We were already big fans of developer BJ Malicoat, who does business under the name Bird Cartel, due to the release of Pine Tar Poker late last year. Poker is one of those games that kind of is what it is, so it’s always very hard to come up with some sort of creative twist on a game with mechanics that have been honed for decades upon decades or more. In the case of Pine Tar Poker it was just a few tweaks of those established mechanics, a few liberties with officially recognized hands, a dash or two of otherworldly phenomenon, and a very dedicated Old Western theme to make something that truly stood out from the bajillions of poker games ever released. It earned our Game of the Week when it released.
You know what else is a very established game type that’s hard to mess around with? Word games! Specifically word search games. That fact has not deterred the Bird Cartel from meddling around with the beloved genre to create something that feels genuinely unique with the just released Well Word. The basics here are that you start out with a 5×5 board of letters and from that selection of 25 letters you want to try to make as many 4-letter or more words out of them as you can. The catch is that all letters except the one in the center can only be used 3 times, meaning your stock of usable letters dwindles the more words that you make.
That right there is a compelling twist and Well Word probably could have just stopped there, but there are a few other wrinkles that really take this one to the next level. Unsurprisingly, the longer the word you make the more points it is worth, and multipliers kick in for 7+ letter words. You also get a bonus for incorporating the center letter if you can, and additional points if your word uses letters that are all adjacent to each other. Finally you’ll earn bonus points for clearing entire rows or columns of letters off the board, with a huge bonus for those savvy enough to clear the whole board.
Well Word also takes a page out of the Wordle playbook as it features a unique grid of letters each day, and everyone plays the same grid. So if you get your friends and family into the game you can all brag to each other about how good you did on each day’s level. If you spring for the premium unlock you’ll get a couple more modes. Lightning is the daily puzzle but with a 2 minute time limit, and Challenges are randomly generated games that you can play as many times as you want. Each Challenge game also has its own seed so you can share or replay particular puzzles.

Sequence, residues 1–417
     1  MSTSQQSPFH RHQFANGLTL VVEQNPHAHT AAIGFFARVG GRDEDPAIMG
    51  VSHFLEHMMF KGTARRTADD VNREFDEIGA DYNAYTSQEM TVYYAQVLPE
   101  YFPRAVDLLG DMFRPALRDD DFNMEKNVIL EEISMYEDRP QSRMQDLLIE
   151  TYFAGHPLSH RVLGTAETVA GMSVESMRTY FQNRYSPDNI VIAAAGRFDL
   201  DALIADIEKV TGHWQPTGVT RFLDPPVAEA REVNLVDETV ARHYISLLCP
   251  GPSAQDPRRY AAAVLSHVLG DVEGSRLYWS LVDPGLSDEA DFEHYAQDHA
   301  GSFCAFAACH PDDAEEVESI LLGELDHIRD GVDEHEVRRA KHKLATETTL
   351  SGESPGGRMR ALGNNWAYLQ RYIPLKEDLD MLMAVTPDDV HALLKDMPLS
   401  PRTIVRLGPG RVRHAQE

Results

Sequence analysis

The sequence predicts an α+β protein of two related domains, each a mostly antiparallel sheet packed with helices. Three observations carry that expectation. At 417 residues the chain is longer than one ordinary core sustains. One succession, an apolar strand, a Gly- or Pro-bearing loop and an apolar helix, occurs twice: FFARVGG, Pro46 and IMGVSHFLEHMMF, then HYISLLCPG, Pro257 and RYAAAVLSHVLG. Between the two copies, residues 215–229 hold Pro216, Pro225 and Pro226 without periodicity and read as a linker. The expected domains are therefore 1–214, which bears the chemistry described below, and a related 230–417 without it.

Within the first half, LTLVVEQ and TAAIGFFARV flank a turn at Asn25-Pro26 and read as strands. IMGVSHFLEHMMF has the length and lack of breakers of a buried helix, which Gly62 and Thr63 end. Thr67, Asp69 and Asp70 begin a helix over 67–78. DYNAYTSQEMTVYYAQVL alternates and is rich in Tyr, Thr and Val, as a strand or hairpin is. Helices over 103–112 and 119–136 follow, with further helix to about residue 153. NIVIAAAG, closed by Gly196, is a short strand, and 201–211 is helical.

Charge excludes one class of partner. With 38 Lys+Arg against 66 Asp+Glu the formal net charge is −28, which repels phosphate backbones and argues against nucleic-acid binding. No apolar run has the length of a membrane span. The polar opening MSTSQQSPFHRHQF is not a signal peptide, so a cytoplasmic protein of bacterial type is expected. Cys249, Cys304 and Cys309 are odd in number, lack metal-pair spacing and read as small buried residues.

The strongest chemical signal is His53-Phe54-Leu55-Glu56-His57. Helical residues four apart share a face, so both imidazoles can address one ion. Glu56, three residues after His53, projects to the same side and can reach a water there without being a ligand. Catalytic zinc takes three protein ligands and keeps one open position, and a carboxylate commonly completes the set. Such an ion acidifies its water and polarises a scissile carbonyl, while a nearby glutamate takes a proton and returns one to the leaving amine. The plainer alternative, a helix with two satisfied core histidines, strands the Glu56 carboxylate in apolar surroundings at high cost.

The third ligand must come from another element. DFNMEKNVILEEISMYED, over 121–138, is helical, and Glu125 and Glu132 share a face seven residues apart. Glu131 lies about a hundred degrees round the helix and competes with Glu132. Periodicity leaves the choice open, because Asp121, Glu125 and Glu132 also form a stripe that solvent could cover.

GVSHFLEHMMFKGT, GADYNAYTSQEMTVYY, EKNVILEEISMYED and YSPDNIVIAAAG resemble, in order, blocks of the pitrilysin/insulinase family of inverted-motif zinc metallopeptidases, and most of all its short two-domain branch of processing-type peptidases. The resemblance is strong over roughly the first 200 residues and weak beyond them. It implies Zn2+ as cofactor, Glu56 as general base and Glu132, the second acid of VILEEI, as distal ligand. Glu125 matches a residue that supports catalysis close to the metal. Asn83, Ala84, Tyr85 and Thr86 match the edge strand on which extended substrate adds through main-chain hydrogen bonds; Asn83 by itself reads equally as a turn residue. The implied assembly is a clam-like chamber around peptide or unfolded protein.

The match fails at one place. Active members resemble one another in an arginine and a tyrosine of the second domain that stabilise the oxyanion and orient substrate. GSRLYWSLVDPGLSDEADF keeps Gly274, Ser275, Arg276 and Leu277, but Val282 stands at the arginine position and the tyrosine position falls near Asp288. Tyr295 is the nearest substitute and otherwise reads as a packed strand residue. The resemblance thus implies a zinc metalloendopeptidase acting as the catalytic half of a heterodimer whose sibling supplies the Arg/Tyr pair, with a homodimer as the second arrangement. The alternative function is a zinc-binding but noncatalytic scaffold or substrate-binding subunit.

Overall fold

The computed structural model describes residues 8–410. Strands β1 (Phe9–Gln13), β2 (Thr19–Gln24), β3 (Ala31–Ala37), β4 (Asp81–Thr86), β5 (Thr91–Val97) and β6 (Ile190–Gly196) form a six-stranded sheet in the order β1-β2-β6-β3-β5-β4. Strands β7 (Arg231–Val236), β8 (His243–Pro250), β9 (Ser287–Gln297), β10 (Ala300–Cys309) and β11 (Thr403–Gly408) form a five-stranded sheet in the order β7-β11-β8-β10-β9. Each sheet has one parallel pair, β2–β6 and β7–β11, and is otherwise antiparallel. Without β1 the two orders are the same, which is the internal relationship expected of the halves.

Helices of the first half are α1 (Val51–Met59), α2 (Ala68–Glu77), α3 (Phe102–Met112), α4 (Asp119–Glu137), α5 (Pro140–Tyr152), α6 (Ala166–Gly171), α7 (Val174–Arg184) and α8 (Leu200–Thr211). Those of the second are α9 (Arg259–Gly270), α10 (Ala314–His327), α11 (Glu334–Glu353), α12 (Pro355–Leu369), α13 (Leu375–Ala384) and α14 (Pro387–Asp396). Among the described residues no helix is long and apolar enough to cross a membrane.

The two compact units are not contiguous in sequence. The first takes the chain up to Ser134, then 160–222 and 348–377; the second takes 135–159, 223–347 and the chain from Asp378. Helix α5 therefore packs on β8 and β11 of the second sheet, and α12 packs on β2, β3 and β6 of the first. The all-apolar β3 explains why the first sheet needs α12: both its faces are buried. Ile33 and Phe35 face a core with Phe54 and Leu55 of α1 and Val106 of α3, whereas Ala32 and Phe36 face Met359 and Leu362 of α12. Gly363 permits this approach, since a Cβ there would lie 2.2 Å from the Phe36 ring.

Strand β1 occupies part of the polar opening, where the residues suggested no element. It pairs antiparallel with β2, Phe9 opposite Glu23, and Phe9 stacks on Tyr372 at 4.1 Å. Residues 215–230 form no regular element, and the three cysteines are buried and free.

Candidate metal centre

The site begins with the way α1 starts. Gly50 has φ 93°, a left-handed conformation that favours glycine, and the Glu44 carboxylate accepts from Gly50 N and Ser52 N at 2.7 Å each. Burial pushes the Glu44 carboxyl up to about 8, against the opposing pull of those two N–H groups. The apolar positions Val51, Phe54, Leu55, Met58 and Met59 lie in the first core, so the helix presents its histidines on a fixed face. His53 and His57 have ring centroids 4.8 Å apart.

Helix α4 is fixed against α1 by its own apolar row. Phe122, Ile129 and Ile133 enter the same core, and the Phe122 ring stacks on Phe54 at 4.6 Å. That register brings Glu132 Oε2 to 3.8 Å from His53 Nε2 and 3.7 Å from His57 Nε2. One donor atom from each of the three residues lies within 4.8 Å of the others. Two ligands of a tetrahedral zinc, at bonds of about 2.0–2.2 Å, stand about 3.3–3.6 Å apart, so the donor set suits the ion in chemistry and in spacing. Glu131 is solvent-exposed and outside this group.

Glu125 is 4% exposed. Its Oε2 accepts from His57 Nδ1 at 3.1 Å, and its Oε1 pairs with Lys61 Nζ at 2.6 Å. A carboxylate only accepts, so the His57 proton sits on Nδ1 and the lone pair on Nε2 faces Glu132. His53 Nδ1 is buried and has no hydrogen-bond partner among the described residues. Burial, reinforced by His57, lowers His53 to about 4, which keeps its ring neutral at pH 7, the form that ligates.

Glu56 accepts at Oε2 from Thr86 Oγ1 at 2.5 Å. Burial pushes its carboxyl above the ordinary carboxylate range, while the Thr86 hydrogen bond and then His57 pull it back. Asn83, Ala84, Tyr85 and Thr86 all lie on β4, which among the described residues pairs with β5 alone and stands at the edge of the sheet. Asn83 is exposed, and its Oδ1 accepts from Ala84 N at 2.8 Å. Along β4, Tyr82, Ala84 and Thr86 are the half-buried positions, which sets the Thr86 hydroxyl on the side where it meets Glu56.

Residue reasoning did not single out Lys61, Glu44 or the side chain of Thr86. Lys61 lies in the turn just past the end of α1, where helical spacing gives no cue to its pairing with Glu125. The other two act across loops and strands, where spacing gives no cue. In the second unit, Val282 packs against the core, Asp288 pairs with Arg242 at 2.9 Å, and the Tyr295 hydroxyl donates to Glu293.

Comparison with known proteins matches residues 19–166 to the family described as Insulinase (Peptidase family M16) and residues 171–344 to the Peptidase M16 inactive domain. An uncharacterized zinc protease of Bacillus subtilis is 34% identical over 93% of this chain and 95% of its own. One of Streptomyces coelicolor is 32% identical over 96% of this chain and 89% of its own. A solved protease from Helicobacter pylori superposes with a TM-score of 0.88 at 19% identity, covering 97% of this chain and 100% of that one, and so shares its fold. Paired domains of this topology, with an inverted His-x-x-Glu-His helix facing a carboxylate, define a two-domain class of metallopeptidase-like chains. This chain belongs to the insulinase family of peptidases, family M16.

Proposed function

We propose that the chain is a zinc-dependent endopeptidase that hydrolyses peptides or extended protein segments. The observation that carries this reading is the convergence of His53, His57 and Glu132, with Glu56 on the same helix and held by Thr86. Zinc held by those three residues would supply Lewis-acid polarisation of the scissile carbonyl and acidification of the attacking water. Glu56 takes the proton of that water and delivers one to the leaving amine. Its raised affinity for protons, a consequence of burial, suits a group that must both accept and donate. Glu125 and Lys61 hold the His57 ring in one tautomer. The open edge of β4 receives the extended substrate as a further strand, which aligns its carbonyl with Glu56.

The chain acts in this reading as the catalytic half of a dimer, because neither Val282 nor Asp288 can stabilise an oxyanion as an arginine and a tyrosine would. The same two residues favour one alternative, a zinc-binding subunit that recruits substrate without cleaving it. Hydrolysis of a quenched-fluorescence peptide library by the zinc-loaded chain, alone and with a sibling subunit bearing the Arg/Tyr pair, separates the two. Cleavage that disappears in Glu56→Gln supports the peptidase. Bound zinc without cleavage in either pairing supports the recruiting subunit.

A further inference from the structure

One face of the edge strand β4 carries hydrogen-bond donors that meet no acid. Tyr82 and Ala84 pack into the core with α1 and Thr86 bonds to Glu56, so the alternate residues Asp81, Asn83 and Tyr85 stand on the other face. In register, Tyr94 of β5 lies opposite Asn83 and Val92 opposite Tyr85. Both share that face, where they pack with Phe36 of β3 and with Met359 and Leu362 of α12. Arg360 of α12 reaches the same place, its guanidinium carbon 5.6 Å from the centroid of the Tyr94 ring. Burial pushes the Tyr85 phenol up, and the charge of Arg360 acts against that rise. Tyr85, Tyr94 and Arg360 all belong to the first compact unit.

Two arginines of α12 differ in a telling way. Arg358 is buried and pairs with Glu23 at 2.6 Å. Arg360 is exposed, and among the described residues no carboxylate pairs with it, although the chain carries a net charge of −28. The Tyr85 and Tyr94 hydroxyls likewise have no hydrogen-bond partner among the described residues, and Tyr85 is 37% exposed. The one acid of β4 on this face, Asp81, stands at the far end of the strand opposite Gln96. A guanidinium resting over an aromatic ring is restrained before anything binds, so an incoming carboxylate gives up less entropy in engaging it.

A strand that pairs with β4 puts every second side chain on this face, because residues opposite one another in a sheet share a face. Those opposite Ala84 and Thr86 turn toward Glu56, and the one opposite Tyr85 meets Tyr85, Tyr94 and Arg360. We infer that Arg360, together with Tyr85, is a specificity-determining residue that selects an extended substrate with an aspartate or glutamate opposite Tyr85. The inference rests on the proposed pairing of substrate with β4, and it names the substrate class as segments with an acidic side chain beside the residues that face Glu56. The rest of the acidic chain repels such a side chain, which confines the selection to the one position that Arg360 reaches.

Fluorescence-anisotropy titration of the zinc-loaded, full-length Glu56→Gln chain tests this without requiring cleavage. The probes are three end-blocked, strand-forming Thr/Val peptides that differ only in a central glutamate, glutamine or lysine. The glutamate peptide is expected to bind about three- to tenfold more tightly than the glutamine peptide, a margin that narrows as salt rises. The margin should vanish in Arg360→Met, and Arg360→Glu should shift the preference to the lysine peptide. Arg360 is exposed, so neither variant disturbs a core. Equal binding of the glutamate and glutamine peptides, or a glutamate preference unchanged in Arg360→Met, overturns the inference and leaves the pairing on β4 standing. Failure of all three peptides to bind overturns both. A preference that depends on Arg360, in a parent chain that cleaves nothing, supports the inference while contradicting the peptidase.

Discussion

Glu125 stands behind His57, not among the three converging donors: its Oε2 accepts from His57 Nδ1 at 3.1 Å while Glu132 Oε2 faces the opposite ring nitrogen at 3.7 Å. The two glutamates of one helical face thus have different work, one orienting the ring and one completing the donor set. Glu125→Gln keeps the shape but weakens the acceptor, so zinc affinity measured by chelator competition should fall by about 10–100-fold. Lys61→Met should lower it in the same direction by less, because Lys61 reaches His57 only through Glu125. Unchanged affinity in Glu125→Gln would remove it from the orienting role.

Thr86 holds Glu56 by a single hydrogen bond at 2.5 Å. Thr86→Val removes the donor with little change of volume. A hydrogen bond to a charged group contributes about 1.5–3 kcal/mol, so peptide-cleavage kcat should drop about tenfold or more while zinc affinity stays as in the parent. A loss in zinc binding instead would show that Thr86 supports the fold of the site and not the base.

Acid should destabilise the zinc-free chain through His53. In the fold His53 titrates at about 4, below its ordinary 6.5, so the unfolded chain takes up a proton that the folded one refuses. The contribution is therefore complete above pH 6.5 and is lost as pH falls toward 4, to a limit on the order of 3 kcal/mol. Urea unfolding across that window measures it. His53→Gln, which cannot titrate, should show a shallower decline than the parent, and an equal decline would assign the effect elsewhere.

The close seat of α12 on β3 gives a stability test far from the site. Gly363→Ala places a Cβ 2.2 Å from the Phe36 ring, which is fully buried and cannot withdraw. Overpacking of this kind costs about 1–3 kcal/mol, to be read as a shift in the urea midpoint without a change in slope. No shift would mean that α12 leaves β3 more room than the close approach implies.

Speaking of replaying, the premium unlock also gives you a detailed History mode where you can look back at each Daily or Lightning puzzle you’ve played, see detailed stats from each game, and even go back to play previously missed games. Well Word just launched but due to it being in testing for some months the daily puzzle is actually on #98 as of today, but through the History mode you can go back and play all those previous games that you missed if you didn’t happen to be beta testing the game since day one. Last but not least the premium version also includes a number of lovely color themes to choose from.
Everything is just so well thought out, and that brings me to my final praise about Well Word and that is the incredible level of polish in its UI and presentation. The way each letter’s background color “empties” a third of the way after using it in a word to indicate how many more times you’re able to use that letter is just so simple and easy to understand at a glance, it’s the kind of detail you can’t really appreciate until you’ve seen other games try do convey that sort of information in overly complex and cluttered ways. This feels like a Zach Gage game, and I don’t think I could come up with any greater praise than that. So enough gushing, Well Word is free so just try it for yourself, and if you’re like me you’ll make a space for it right next to Wordle on your homescreen.